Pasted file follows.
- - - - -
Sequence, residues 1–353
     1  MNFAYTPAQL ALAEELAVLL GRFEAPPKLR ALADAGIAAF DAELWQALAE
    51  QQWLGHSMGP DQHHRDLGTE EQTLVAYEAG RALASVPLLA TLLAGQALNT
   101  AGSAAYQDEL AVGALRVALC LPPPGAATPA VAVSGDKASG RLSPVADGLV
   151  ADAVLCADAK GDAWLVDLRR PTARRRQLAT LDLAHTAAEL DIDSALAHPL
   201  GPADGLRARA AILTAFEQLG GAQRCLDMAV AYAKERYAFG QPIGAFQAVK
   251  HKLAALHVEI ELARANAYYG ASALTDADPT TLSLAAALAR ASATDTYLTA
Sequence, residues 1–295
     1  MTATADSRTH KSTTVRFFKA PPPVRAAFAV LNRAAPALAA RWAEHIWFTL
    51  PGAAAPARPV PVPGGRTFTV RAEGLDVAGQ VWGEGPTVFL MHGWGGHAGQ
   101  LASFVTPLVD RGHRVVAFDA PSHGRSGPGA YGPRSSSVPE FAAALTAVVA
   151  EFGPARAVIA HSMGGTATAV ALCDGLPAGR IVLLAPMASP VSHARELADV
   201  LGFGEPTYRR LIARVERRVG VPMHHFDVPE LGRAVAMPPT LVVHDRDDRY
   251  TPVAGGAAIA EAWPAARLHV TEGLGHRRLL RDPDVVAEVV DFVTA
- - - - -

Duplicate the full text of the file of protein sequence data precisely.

Sequence, residues 1–353
     1  MNFAYTPAQL ALAEELAVLL GRFEAPPKLR ALADAGIAAF DAELWQALAE
    51  QQWLGHSMGP DQHHRDLGTE EQTLVAYEAG RALASVPLLA TLLAGQALNT
   101  AGSAAYQDEL AVGALRVALC LPPPGAATPA VAVSGDKASG RLSPVADGLV
   151  ADAVLCADAK GDAWLVDLRR PTARRRQLAT LDLAHTAAEL DIDSALAHPL
   201  GPADGLRARA AILTAFEQLG GAQRCLDMAV AYAKERYAFG QPIGAFQAVK
   251  HKLAALHVEI ELARANAYYG ASALTDADPT TLSLAAALAR ASATDTYLTA
Sequence, residues 1–295
     1  MTATADSRTH KSTTVRFFKA PPPVRAAFAV LNRAAPALAA RWAEHIWFTL
    51  PGAAAPARPV PVPGGRTFTV RAEGLDVAGQ VWGEGPTVFL MHGWGGHAGQ
   101  LASFVTPLVD RGHRVVAFDA PSHGRSGPGA YGPRSSSVPE FAAALTAVVA
   151  EFGPARAVIA HSMGGTATAV ALCDGLPAGR IVLLAPMASP VSHARELADV
   201  LGFGEPTYRR LIARVERRVG VPMHHFDVPE LGRAVAMPPT LVVHDRDDRY
   251  TPVAGGAAIA EAWPAARLHV TEGLGHRRLL RDPDVVAEVV DFVTA